WASHINGTON, DC 20004-1710

TELEPHONE: 202-434-9956 / FAX: 202-434-9949






on behalf of ROGER COOK,











Docket No. WEVA 2021-0203

MSHA Case No. HOPE CD 2021-02




Mine: Eagle #3 Mine

Mine ID: 46-09427





Appearances:              LaShanta Harris, Esq., Office of the Solicitor, U.S. Department of Labor, Arlington, Virginia, for the Petitioner


                                    Christopher D. Pence, Esq. and James P. McHugh, Esq., Hardy Pence, PLLC, Charleston, West Virginia, for the Respondent


Before:                        Judge Rae


I.                INTRODUCTION


A.    Statement of the Case


This matter is before me upon an application for temporary reinstatement brought by the Secretary of Labor (“Secretary”), on behalf of Roger Cook, under section 105(c) of the Federal Mine Safety and Health Act of 1977, against Rockwell Mining, LLC (“Respondent”). 30 U.S.C. § 815(c); 29 C.F.R. § 700.45. The application seeks reinstatement of Cook as a fire boss at Respondent’s Eagle #3 Mine pending final disposition of Cook’s discrimination complaint. Ex. S-1.[1] Cook filed a discrimination complaint on February 1, 2021, after the Respondent suspended and terminated him in January 2021. Jt. Ex. 1.


A hearing was held via Zoom for Government videoconference on March 29, 2021. The Secretary gave a closing argument during the hearing, and the Respondent filed a post-hearing brief. Tr. at 138. For the reasons set forth below, I grant the application for temporary reinstatement and retain jurisdiction until final disposition of the complaint on the merits.


B.    Joint Stipulations


The parties have submitted the following stipulations:


1.         This proceeding is subject to the jurisdiction of the Federal Mine Safety and Health Review Commission and its designated Administrative Law Judges pursuant to sections 105 and 113 of the Federal Mine Safety and Health Act of 1977 (“the Act”). Accordingly, presiding Administrative Law Judge Priscilla Rae has the authority to hear this case and issue a decision regarding this matter.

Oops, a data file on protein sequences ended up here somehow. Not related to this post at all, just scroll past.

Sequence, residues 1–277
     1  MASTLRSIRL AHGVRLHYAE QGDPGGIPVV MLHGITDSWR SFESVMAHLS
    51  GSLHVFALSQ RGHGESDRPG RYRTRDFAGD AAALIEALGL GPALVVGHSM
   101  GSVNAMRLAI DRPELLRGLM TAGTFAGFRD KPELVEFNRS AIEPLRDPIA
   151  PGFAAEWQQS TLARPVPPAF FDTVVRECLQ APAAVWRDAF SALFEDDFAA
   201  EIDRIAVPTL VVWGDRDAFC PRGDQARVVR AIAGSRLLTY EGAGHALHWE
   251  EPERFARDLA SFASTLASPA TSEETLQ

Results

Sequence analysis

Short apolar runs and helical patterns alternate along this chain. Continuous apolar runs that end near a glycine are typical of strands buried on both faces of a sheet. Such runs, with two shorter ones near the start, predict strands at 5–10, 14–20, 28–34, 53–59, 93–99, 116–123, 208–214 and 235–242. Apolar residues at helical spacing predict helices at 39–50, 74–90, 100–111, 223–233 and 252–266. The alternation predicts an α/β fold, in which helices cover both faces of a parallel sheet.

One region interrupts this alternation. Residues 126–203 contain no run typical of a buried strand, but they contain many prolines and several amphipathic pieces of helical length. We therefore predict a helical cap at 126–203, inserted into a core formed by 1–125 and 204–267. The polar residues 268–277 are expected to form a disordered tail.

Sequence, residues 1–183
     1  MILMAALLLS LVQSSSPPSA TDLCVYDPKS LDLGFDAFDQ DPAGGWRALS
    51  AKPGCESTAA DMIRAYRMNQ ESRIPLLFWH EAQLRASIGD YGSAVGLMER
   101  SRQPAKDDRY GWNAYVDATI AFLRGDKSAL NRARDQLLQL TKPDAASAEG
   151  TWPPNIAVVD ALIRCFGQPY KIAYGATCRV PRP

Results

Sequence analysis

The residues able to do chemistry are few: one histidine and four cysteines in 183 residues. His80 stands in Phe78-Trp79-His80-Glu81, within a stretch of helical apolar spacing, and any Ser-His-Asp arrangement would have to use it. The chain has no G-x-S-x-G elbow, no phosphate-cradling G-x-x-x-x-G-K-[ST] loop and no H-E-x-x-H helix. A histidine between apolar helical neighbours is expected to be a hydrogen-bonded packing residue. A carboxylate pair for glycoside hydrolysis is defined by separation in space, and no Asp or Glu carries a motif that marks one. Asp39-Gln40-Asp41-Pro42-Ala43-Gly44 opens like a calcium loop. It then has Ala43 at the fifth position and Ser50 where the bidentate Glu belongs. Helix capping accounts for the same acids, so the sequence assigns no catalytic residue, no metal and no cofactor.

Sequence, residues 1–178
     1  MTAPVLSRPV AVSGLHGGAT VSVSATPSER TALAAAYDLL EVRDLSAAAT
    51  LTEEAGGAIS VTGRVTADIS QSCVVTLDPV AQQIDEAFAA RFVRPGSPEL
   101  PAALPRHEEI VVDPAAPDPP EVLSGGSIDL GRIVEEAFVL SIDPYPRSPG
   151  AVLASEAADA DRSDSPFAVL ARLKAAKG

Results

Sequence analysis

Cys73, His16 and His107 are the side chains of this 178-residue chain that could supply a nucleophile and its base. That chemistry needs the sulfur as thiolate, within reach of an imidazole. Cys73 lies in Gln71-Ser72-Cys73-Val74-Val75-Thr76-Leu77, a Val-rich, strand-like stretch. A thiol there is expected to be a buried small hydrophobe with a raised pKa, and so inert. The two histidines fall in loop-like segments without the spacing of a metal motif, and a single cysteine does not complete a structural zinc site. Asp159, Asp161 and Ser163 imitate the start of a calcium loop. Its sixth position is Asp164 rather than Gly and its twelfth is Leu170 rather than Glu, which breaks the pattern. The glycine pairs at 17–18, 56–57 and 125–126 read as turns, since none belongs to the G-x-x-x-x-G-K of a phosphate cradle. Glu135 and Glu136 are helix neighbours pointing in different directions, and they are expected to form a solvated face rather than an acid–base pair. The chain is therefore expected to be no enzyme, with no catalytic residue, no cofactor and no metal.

2.         Respondent is a Limited Liability Corporation and a “person” within the meaning of section 105(c) and within the definition of section 3(f) of the Act. 30 U.S.C. § 802(f).


3.         Respondent is the operator of the Eagle #3 Mine, MSHA Mine ID #46-09427, located in Wyoming County, West Virginia.


4.         The products or operations of the Eagle #3 Mine enter or affect commerce, within the meaning and scope of section 4 of the Act.


5.         The Eagle #3 Mine is a “mine” as defined by the Act. 30 U.S.C. § 802(h).


6.         Respondent is engaged in the operation of a coal mine. It is, therefore, an “operator” as defined in section 3(d) of the Act. 30 U.S.C. § 802(d).


7.         On January 25, 2021, Complainant was terminated by Respondent.


Jt. Ex. 1.




Roger Cook has worked in the mining industry since 1991 and has been employed by Respondent—or Respondent’s parent company, Blackhawk Mining—since approximately April 2016. Tr. at 18–19. At the time Respondent suspended and terminated Cook, Cook was serving as a fire boss at Respondent’s Eagle #3 Mine. Tr. at 17; Jt. Ex. 1. As a fire boss, Cook was generally responsible for identifying and recording unsafe conditions, and Cook was also responsible for examining the mine’s airways. Tr. at 17, 19.


Prior to Cook’s suspension and termination in January 2021, Cook informed management of several safety-related incidents. In August 2020, Cook filed an accident report alleging that he suffered respiratory problems resulting from spraying gunite on stoppings without a mask. Tr. 26–28. Additionally, between December 2020 and January 2021, Cook voiced concerns about: instructions to build new stoppings to route air around a roof fall; a flat car being pushed with one motor; and an overloaded mantrip. Tr. at 30–31, 44–47. Cook also told management in January 2021 about a non-functioning panic bar on a scoop.[2] Tr. at 56–58, 60–61.